• Each week has a different focus which appealed to both my limited concentration span and learning a variety of moves to be able to use going forward as and when I want or need to focus on one area.
  • The sessions are around 20-25 minutes long and you are encouraged to practice several times across the week rather than just doing one hour long yoga practice- this for me seemed much more manageable.
  • You are also part of a group with weekly Facebook lives where you can ask questions and get feedback, for someone not from a yoga background that is really useful and increases your accountability.

So far I’ve practiced three times in week one, twice on week two and once so far this week (week three) although I intend to get another two to three sessions in this week.

In my head when I signed up I said to myself – I will practice every single day.  That obviously hasn’t happened, but that’s OK, because I’ve gone from zero mobility work to 50 minutes plus a week over the last couple of weeks.  However you look at it, that is progress.

Another thing that I have gleaned from the last couple of weeks – and it’s been centred around the yoga practice but is really key to how you approach all aspects of your own health / fitness regime – is about being honest with your practice.

By being honest with your yoga practice they mean accepting your body and it’s current ability.  That means not progressing a move to progress it until you are comfortable and performing the current move week.  It means acknowledging when you need to adapt a move to get the best out of your session and not being too proud to do so.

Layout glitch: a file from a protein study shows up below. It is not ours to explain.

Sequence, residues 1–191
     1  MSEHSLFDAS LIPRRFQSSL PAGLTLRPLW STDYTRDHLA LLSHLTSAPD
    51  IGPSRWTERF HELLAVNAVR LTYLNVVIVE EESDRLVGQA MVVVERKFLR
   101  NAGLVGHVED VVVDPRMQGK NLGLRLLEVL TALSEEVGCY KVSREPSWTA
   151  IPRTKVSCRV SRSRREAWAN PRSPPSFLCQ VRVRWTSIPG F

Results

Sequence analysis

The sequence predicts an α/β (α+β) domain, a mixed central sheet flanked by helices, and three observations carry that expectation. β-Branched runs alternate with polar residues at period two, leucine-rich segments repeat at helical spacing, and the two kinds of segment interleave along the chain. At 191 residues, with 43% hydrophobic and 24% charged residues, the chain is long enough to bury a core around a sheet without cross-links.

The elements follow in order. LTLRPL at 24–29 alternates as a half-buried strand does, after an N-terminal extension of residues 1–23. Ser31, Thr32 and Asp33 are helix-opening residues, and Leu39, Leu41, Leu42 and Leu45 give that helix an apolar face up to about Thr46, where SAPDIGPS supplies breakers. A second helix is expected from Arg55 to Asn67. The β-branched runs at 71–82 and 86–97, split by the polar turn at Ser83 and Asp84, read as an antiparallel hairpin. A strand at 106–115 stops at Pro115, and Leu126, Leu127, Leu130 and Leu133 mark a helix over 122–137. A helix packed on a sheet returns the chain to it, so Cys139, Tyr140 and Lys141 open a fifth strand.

These two key elements of the mindset of your yoga practice are equally beneficial when applied to the rest of your training.

I’ve had lots of conversations with people over the last few weeks, and can openly admit it’s something I’m prone to do as well, about the all or nothing approach to fitness.  We want to be fit and healthy – and we want it now.  Society is result oriented and whilst we all want change we also want it now, we tend to be less keen on the idea that those results can take time and require gradual change.  It’s why we do often start a new plan or course with the intention to commit 100%  and then get disheartened and feel like we have failed when we aren’t 100% perfect in week one.  Then we get the urge to quit, start again, that this isn’t for me.

The reality is few of us will ever do anything 100% perfectly.  Life will get in the way, require adaptations and compromises and if we give up on things when the first stumbling block comes along we will not reach our goals.